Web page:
How Do I Choose a Commentary?

How Do I Choose a Commentary?

Anyone interested in studying the Bible has probably asked themselves this question.  With so many types of commentaries available, how do I know which ones will help me in my study?  A major factor to consider for most people is cost.  Commentaries are typically one book for each book of the Bible, sometimes two in the case of longer books.  At 66 books of the Bible a full set could be easily hundreds, if not thousands of dollars.  If someone is going to invest in commentaries, it certainly would be wise to find ones you will actually use.

Fortunately, there are helpful websites out there.  My favorite is (subtitled:  rotten tomatoes for biblical studies).  This site rates commentaries by books of the Bible, as well as other Christian books by category (such as discipleship or cultural issues).  Commentaries are divided into academic categories:  technical, pastoral and devotional.  A devotional level commentary is best suited for a reader without theological training who will mainly be using a commentary for personal study or teaching a Sunday school class.  Pastoral level commentaries are, as you would guess, for pastors or Bible teachers.  Technical level commentaries are geared toward pastors, seminary students and academia.  With some technical level commentaries, a knowledge of Greek or Hebrew is helpful and sometimes necessary for understanding a major part of the text.

Another thing about commentaries is that you don’t necessarily need the newest, most up-to-date version.  Yes, scholarship changes somewhat over the years, but God is the same yesterday, today and tomorrow so many/most interpretations should stay fairly consistent over the years.  For example, one of the top 10 commentaries on Romans as rated by Best Commentaries is copyrighted 1965.  However, newer commentaries may reflect more current discussions among those with scholarly interests. For me, I try to balance quality, price and date.

You can also find good Christian authors to read from the commentary section.  Someone who is selected to write a commentary on a certain book of the Bible is considered to be an authority on that book.  Those authors frequently write books on theological subjects and many times those are popular level books, meaning they are for the average reader and not necessarily for someone who is seminary trained.  If you are concerned about content and, as a discerning Christian you should be, be sure to read books published by respected publishing companies such as IVP (Intervarsity Press), Baker, Zondervan, Thomas Nelson and Tyndale House.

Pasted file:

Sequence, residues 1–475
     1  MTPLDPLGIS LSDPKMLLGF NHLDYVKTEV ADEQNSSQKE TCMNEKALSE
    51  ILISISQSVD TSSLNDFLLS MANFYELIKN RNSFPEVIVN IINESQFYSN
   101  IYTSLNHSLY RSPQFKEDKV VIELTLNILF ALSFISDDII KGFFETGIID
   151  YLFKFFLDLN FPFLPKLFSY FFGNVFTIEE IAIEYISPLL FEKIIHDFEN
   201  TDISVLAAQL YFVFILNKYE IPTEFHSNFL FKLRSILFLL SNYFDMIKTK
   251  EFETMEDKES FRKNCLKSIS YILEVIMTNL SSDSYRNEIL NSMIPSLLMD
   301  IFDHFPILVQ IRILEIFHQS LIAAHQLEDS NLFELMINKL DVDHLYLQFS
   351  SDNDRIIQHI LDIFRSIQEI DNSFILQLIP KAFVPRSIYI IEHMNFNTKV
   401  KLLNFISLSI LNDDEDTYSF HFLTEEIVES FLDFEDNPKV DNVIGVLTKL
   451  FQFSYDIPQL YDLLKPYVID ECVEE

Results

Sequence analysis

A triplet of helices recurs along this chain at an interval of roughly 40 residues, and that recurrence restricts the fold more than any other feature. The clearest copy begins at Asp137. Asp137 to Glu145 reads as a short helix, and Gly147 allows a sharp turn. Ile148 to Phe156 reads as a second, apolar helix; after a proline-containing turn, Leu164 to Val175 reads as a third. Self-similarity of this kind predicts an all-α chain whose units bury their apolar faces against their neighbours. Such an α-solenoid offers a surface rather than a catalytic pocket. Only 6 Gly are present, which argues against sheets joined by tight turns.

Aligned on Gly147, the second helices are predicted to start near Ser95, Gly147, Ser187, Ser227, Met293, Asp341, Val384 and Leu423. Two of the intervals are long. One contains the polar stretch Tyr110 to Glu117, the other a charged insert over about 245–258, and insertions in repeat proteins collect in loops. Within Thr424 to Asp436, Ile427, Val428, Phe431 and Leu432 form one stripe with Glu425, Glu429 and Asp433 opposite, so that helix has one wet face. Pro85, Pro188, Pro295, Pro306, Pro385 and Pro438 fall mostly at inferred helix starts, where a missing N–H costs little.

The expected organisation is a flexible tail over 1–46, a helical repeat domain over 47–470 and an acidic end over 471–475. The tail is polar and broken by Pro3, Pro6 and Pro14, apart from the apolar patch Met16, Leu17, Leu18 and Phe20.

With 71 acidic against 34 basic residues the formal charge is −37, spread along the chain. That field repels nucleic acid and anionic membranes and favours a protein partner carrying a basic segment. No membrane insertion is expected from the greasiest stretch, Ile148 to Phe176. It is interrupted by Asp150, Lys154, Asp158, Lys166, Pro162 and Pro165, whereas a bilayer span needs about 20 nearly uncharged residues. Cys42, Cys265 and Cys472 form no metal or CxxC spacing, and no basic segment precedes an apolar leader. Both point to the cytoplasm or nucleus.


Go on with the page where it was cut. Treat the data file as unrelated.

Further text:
Money saving tips:

Buy used.  I personally like Thrift Books, eBay and Amazon in that order.  Thrift Books has older, hard to find or out of print books at a reasonable price as well as new books.  Buy Kindle.  I subscribe to Gospel eBooks and I check Tim Challies “Kindle Deals” every day, plus the daily and monthly deals on Amazon Kindle.  My price preferred price for almost any book is $5 or less.  One of my best Kindle buys is the New International Commentary on the New Testament on Luke for $2.99, which retails for $50-$60 in hard cover.  I have to admit, I love a good deal!

When choosing commentaries or theological books, you should consider the writer’s perspective.  What denomination is he or she?  There are Protestant as well as Catholic authors.  Old Testament commentaries might be written by a Jewish rabbi.  While the Jewish perspective might give some interesting insight into Old Testament scriptures, be cautious about using these commentaries for a theological viewpoint because they are written from the perspective of looking forward to the messiah’s coming and do not consider that the Messiah has already come in the person of Jesus.  Using commentaries or books from other denominations or faith traditions can be enlightening, but again may not be an interpretation favored by your faith tradition.

I do recommend one commentary series that I’ve found particularly interesting this year.  In fact, I’ve read the volumes on Galatians and 1 Corinthians cover-to-cover.  The NIV Application Commentary is easy to read, written by knowledgeable authors, and contains three sections on every passage of scripture:  Original Meaning, Bridging Contexts, and Contemporary Significance.  The Original Meaning section gives you the historical background and meaning, while the Bridging Contexts and Contemporary Significance sections transition and take the reader into the current culture.  If you aren’t especially interested in the Greek meaning of words in the original text, but are fascinated by the historical context, this is the commentary for you.  

I urge you to try multiple commentaries in your studies.  You will probably find some you like better than others and some that serve your specific purpose better than others.  Be sure to look online too because some classics are no longer copyrighted and can be found on sites such as or .

Happy studies.

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